Meredith Smith, winemaker at Sawtooth Winery and Ste. Chapelle
Meredith Smith of Sawtooth Winery and Ste. Chapelle / Photo by Grant Gunderson

Meredith Smith

Sawtooth Winery & Ste. Chapelle

Meredith Smith was working in real-estate development and accounting in Dallas and looking for a change. “I was making some really good money, but I didn’t feel satisfied,” she says.

That’s when she came across a line in a book that would change her life. It read, “Pay attention to what you pay attention to.”

“It was very clear to me that it was wine and agriculture,” she says. Smith had these interests throughout her life. But a career in wine?

“I never considered it. Ever. It didn’t cross my mind.”

She began studying viticulture and enology online, first at University of California, Davis and then at Washington State University. “My perspective is you have to have great fruit to have great wine,” she says. “So, I wanted to know how to grow great fruit.”

After finishing the certificate program, Smith, who was raised in Idaho, talked with winemaker Dr. Jan Krupp about entering Idaho’s industry. Krupp advised her to pursue the desire to make wine back home, and encouraged Smith to explore Northwest winemaking as much as possible. When Bill Murray offered her a job working harvest at Sawtooth Winery in Nampa, she made a bold decision.

“I was doing pretty well financially at the time, and I quit that job [to instead work] for $10 an hour, for maybe a two-month position,” says Smith, laughing. She was 40 years old.

After harvest, Smith was hired full-time at the winery and quickly rose through the ranks to become head winemaker. In 2016, she was also named winemaker at Ste. Chapelle, Idaho’s largest winery, which, along with Sawtooth, is owned by Washington-based Precept Wine.

“I thought it would be a great challenge for me,” she says of taking the position at Ste. Chappelle. “I’m honored that they felt confident that I could do both.”

Leslie Preston, winemaker at Coiled Winery
Leslie Preston of  Coiled Wines / Photo by Grant Gunderson

Leslie Preston

Coiled Wines

Leslie Preston was teaching French Literature while taking graduate courses at University of California, Davis, when her students spurred an epiphany. Enrolled in one of the country’s best wine programs, they were in her class to prepare for wine internships in France.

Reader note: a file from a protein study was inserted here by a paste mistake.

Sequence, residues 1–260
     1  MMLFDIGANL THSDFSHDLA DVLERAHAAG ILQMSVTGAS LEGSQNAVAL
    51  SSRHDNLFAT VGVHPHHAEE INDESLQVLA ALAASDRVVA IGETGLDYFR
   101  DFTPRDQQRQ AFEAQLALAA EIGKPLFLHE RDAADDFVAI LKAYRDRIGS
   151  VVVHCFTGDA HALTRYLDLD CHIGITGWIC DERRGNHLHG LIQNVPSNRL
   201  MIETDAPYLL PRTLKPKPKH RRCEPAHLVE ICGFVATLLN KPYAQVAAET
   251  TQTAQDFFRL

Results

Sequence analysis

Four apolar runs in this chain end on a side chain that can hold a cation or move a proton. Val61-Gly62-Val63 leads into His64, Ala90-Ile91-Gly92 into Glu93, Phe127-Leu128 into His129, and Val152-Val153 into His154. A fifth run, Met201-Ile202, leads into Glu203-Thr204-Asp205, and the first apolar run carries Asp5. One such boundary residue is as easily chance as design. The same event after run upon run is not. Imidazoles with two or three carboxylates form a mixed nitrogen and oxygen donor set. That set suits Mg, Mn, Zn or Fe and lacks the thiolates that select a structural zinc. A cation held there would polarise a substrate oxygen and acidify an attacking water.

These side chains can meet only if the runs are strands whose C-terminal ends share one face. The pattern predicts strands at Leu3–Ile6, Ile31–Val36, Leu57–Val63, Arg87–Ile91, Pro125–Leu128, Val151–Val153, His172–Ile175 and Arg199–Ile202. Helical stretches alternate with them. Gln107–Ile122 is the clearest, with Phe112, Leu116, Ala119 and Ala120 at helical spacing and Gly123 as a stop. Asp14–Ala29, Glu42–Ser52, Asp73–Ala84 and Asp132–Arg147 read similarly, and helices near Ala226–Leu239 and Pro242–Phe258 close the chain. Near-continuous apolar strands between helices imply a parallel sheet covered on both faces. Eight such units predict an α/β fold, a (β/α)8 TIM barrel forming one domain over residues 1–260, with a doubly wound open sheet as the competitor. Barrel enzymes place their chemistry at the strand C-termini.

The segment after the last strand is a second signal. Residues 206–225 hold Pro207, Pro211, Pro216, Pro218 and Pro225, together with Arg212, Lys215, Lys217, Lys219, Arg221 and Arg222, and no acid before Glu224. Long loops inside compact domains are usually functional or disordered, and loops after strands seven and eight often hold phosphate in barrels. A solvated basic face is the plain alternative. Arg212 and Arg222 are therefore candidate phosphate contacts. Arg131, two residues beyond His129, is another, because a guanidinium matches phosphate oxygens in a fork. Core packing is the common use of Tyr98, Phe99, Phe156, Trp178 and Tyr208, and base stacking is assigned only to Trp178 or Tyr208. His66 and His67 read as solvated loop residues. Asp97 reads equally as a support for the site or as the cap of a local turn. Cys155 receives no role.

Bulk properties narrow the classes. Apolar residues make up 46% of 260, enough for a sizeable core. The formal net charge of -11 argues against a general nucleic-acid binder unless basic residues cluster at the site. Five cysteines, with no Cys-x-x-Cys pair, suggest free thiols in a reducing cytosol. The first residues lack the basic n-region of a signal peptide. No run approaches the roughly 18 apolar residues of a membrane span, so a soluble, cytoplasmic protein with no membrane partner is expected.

“I was intrigued by Idaho Syrah. I had never tasted anything like it.”—Leslie Preston

“I had always loved wine,” Preston says. “It just hadn’t dawned on me that it could be in my life in that way.” Preston changed course. While finishing her dissertation (“My heart and mind were very much elsewhere,” she says) she took prerequisite classes for the master’s program in enology at Davis. Upon graduation, Preston worked at Clos du Bois Wines and Saintsbury before joining Stags’ Leap Winery in Napa Valley as an enologist.

But her interests veered north. Born in Boise, Preston had watched Idaho’s growing viticultural scene and was drawn in by a tasting from Sawtooth Winery. “I was intrigued by Idaho Syrah,” she says. “I had never tasted anything like it.”

While visiting her home state in 2006, Preston made a small amount of wine. She stayed in Idaho for that year’s harvest. Inspired, she decided to start making wine from Idaho fruit in Napa Valley. She took a year off for family, then began hauling Idaho grapes to a custom-crush facility in St. Helena, California.

She says officials at highway agricultural stops were confused. “They would always assume that they had the story backwards,” Preston laughs. “Why would you take Idaho fruit to the Napa Valley?”

Coiled Wines officially launched with the release of a 2008 Syrah, but it wasn’t until 2012 that Preston and her family completely relocated to the Boise area to focus on the brand and winery operations.

Preston does everything herself. “I unload my trucks. I scrub my tanks. I top my wine. I like it that way.”

Preston believes in Idaho wine’s future. “I wouldn’t have been drawn back here without being totally convinced that the fruit was amazing.”